As Sally Ride and Marian Wright Edelman both powerfully said, “You can’t be what you can’t see.” When Sally Ride said that, she meant that it was hard to dream of being an astronaut, like she was, or a doctor or an athlete or anything at all if you didn’t see someone like you who already had lived that dream. She especially was talking about seeing women in jobs that historically were held by men.
I wrote the first She Persisted
and the books that came after it because I wanted young girls—and children of all genders—to see women who worked hard to live their dreams. And I wanted all of us to see examples of persistence in the face of different challenges to help inspire us in our own lives.
I’m so thrilled now to partner with a sisterhood of writers to bring longer, more in-depth versions of these stories of women’s persistence and achievement to readers. I hope you enjoy these chapter books as much as I do and find them inspiring and empowering.
And remember: If anyone ever tells you no, if anyone ever says your voice isn’t important or your dreams are too big, remember these women. They persisted and so should you.
Warmly,Chelsea ClintonTABLE OF CONTENTS
Chapter 1: On Her Own Schedule
Chapter 2: The Squeeze Machine
Chapter 3: Through the Back Door
Chapter 4: A Decent Life for the Animals
Chapter 5: Learning About Autism
Chapter 6: Different, Not Less
How You Can Persist
On Her Own Schedule
Temple Grandin’s mother loved her daughter very much. But when Temple was a baby, her mother, Eustacia, worried about her a lot too. Eustacia worried because Temple was unusually quiet. While her friends’ babies babbled cheerfully, then spoke words and sentences, Temple stayed silent.
From the age of six months on, Temple stiffened when Eustacia held her. She hated it when people hugged her. She would scratch and kick “like a little wild animal.”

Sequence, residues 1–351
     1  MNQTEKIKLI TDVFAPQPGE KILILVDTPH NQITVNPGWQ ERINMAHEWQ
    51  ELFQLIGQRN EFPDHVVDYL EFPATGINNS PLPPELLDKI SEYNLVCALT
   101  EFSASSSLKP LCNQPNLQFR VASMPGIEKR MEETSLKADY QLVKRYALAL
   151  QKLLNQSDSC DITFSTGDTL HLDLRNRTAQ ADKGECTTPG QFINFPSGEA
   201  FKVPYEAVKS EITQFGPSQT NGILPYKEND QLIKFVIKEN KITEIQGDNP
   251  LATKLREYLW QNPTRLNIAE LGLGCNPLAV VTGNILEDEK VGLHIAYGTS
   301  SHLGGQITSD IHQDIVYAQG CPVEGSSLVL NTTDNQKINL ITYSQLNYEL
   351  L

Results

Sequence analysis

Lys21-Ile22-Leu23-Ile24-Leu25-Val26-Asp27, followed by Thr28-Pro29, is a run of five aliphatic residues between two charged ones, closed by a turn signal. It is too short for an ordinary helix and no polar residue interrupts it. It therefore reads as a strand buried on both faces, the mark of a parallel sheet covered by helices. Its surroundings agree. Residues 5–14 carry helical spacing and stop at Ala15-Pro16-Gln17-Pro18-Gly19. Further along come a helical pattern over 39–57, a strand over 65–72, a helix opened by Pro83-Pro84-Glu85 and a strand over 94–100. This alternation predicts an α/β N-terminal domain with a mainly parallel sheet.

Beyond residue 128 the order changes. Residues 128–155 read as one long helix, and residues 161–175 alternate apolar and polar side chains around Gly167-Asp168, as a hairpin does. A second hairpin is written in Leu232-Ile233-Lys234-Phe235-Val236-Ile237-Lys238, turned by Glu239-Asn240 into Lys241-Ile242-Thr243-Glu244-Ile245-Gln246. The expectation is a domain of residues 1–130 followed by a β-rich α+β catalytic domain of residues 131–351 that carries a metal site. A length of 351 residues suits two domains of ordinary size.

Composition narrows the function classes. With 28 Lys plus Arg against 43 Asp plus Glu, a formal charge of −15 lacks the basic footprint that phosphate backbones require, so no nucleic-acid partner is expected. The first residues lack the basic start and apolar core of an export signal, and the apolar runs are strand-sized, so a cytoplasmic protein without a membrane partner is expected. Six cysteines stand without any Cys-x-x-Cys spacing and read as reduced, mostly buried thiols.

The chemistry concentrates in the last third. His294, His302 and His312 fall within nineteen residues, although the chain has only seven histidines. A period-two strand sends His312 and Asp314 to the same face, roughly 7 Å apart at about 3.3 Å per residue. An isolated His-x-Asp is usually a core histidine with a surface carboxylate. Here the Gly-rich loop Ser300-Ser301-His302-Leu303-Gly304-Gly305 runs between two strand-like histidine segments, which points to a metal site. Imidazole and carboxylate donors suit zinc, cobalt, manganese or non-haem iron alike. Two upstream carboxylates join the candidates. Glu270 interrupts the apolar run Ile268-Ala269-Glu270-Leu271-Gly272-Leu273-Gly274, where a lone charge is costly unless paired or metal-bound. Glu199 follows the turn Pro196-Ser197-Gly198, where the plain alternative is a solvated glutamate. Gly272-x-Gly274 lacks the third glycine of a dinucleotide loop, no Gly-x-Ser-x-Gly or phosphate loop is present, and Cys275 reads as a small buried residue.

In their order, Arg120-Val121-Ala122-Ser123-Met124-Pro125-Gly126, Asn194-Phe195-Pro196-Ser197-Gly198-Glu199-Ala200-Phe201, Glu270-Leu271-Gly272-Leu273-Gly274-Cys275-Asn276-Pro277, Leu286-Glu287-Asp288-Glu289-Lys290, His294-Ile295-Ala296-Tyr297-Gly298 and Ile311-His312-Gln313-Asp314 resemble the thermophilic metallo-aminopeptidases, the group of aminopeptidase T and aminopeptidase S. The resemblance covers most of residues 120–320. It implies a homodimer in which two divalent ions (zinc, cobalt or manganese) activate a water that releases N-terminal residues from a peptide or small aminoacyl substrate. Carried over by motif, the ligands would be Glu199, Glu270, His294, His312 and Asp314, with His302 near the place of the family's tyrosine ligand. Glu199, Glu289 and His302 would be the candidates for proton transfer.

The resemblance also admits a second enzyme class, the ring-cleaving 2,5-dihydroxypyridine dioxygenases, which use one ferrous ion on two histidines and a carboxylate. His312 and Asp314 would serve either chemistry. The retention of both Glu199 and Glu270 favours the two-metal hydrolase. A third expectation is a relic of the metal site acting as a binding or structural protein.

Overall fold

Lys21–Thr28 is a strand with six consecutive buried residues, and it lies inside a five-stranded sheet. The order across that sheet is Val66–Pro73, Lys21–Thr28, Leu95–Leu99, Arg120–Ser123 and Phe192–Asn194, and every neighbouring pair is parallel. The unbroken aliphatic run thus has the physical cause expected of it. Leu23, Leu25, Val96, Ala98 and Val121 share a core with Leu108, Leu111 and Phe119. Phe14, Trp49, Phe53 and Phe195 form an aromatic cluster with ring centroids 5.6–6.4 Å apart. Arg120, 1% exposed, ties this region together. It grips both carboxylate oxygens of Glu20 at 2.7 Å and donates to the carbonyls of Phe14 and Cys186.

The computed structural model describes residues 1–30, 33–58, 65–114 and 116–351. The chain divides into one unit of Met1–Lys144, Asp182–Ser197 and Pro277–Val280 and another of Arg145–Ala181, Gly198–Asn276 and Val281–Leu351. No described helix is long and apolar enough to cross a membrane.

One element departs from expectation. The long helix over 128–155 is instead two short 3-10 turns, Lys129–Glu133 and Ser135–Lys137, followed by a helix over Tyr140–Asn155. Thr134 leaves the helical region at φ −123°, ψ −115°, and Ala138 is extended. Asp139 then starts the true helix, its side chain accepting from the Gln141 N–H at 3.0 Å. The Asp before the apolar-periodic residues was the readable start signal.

Eustacia noticed that Temple often seemed to live in her own world. Growing up, she would sit on the beach and watch sand running through her fingers. At home, she liked to tear paper up into strips or confetti and arrange it into piles. When Eustacia played the piano, Temple would rock or spin around in circles while humming to herself.
Temple’s father didn’t have much patience with children, especially with one who was different. He wanted to send her to a home for children with disabilities. But Eustacia refused to give up on her daughter.
Fortunately, the Grandins had a lot of money, and they lived in Boston, where there were many well-known universities and hospitals. Eustacia brought Temple to the doctors at Boston Children’s Hospital. They tested Temple’s hearing. It was normal. After more tests, they told Eustacia that Temple had brain damage. The doctors suggested that Temple go for speech therapy.
Many years later, Temple would learn she was autistic. Autistic people have brains that work differently. They can often focus intently on things that fascinate them, like how sand looks and feels when it runs through fingers. But they sometimes have a hard time communicating their thoughts and feelings, which is why Temple didn’t speak and why she screamed in frustration instead.
In 1947, the year Temple was born, very few children were diagnosed as autistic, which means that lots of doctors didn’t realize what was going on with their patients. Those who were diagnosed usually lived in bleak hospital-like institutions for people with disabilities. The doctor who defined autism in 1943, Leo Kanner, thought it was uncommon and believed that doctors could use a few specific signs to tell who was autistic. Even though Kanner didn’t have any recommendations for what to do about it then, doctors who read his work assumed the children he described could not live with their families or attend a regular school.
For more than a year after meeting with the doctors, Temple didn’t say a word. Eustacia hired a nanny to play games with her so she would learn how to take turns, follow directions, and lose without throwing a tantrum. After Temple started speaking at age four, Eustacia taught her to read. They spent thirty minutes on reading lessons, five days a week, and Temple learned quickly. She showed her mother and everyone else that she would grow up and learn on her own schedule!
Copyright © 2022 by Chelsea Clinton. All rights reserved. No part of this excerpt may be reproduced or reprinted without permission in writing from the publisher.